As I mentioned, Jesus came and gave up everything. Satan tried to tempt him over 40 days with all sorts of things. He is the great deceiver. For us Christians he is no longer the great deceiver, but is most definitely the great distracter. He has figured out how to get us distracted from our work, distracted from our first love, distracted from serving God only. What is your distraction? TV? Facebook? Instagram? Strava? Sports? iPad Games? General Cell Phone Use? What takes your time? Look at your days and your week. You sleep 8 hours, you work 8 hours or are a full time mom, you do other life things like commute, eat, shower for about 2-4 hours. What do you do for the other 4-6 hours a day? Only you can answer the item that is a thorn in your side at this moment. What is your distraction? What do you tend to get sucked into? OK, do you have it? Write it down right now. Stop reading and write it down. (PAUSE)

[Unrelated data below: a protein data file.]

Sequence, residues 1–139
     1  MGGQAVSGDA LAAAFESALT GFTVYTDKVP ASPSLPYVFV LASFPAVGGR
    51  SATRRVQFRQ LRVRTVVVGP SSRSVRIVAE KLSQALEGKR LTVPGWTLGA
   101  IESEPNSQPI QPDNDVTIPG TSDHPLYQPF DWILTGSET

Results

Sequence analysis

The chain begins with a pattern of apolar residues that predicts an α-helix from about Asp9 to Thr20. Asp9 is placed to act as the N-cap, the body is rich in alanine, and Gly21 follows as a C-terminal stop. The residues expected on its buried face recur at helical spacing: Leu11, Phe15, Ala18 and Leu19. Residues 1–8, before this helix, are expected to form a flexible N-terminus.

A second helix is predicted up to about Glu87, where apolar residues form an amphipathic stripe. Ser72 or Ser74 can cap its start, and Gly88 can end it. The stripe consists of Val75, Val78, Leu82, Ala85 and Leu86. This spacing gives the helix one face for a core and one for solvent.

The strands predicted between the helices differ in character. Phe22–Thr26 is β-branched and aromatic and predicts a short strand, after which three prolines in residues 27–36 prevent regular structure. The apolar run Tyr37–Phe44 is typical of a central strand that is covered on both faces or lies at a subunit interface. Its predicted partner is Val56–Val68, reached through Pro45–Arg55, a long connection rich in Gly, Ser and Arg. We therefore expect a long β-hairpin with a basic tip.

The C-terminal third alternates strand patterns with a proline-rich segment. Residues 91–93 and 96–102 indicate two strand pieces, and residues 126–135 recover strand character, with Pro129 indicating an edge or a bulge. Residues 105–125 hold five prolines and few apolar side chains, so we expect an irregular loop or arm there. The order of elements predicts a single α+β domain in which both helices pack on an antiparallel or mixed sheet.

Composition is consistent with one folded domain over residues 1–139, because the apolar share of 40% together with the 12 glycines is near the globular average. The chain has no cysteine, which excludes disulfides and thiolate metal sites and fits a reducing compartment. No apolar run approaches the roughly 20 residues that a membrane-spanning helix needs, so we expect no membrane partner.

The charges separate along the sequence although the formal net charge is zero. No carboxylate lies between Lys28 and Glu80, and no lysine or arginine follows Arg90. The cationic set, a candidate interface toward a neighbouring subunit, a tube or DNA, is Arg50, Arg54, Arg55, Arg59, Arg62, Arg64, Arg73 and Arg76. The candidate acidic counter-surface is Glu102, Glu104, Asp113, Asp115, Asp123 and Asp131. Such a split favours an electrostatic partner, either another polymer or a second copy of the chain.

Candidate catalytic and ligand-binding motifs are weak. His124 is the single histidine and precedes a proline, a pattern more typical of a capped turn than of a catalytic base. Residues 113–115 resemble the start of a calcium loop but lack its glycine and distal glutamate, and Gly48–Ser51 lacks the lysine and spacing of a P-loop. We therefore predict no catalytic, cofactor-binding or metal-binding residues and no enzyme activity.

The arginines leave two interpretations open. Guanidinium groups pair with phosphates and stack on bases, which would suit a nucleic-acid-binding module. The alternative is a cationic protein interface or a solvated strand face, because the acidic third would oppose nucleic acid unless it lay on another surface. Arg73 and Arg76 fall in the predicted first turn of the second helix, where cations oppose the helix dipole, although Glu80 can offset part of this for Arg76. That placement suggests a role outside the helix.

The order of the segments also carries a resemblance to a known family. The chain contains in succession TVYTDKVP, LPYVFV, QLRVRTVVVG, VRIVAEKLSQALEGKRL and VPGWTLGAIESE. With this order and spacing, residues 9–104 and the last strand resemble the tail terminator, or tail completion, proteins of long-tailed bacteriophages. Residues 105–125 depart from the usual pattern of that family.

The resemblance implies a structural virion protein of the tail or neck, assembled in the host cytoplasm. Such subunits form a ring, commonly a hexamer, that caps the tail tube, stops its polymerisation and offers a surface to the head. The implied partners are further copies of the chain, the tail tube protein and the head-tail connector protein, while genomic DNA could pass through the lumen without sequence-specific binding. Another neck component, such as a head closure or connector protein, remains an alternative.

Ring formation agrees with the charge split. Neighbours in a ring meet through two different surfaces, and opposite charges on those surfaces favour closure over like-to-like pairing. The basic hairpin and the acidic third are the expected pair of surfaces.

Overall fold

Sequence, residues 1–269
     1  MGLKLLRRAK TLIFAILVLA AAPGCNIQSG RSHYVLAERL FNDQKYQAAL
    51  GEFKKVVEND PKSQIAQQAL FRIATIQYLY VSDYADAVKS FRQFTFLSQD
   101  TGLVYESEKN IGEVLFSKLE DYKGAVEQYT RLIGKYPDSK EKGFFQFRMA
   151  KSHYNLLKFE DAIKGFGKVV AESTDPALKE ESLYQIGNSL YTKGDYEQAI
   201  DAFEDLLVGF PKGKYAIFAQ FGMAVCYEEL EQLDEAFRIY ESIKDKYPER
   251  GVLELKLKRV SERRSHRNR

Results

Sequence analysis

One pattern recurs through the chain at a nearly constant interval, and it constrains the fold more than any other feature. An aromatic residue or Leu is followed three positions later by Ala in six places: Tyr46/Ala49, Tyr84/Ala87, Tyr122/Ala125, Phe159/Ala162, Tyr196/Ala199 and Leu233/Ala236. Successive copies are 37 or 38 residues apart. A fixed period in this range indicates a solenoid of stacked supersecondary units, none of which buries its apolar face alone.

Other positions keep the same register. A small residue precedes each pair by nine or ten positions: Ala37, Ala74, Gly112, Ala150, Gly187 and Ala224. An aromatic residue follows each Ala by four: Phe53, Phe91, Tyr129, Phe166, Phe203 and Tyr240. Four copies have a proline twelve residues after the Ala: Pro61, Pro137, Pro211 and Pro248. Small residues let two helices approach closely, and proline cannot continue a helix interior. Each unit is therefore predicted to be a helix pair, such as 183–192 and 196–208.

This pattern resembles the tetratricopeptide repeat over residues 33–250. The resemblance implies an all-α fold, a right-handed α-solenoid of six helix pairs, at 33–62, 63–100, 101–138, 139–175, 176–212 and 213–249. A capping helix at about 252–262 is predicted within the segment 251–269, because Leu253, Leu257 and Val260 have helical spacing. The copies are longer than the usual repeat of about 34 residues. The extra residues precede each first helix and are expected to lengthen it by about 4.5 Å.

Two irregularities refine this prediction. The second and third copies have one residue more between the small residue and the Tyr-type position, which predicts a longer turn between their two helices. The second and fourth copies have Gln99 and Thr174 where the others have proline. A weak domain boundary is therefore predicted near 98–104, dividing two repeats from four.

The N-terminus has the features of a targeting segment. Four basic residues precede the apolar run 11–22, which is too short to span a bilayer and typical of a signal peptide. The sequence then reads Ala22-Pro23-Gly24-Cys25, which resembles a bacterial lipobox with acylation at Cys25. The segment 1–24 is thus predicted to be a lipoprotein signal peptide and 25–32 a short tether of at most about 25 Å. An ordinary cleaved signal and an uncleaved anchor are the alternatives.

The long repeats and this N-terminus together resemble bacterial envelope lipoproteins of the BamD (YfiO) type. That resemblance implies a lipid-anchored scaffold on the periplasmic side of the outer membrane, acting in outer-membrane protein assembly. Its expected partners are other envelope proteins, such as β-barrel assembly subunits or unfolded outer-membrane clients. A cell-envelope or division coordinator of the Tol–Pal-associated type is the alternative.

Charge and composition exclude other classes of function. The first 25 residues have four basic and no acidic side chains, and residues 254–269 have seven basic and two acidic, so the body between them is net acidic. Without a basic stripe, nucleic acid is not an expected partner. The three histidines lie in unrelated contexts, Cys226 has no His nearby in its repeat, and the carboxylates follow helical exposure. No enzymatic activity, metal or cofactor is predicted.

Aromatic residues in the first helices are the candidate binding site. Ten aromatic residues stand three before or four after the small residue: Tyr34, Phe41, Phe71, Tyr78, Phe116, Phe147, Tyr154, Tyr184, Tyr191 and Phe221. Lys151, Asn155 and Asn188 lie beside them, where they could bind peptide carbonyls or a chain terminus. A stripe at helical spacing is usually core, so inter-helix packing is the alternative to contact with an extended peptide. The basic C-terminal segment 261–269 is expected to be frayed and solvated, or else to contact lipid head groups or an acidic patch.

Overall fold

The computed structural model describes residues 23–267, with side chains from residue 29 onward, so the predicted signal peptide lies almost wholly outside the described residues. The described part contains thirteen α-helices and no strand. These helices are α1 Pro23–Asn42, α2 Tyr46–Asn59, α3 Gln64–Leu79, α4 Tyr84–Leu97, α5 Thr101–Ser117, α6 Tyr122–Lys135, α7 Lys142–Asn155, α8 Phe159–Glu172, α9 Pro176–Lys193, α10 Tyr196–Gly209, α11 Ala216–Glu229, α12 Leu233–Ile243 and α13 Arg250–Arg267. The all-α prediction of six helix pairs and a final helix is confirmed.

I challenge you to give that up now. Don’t consider it a Lent activity, but commit to break the hold Satan has on you in this area. But don’t just give it up and replace it with something else. Replace it with time with God in prayer, reading His Word, serving or in outreach. If you are giving up a large chunk of time, like 3 hours a day of TV, then break it up. Read your Bible for an hour a day, read a book about theology, and pray more. If this is too large to handle, then take the 3 hours and give half to God. Watch TV for only an hour and a half, and spend the other time with God. Same with athletic training. If you still need to train, consider taking a portion of that time and giving it to God. Figure out something that is doable but that is still a sacrifice to you. It should not be easy. Then do it! Constantly remind yourself of all the things Jesus gave up for all of us. If you are brave, I encourage you to comment below with the item that you want to give up. The benefit is that we will all be praying specifically for you to stay strong. Let’s do this together and honor God in our sacrifice. Let’s not allow Satan to win his war on the saints of distraction warfare. Place God first! Resolve today to become a better ambassador, a stronger believer, a more faithful Christian.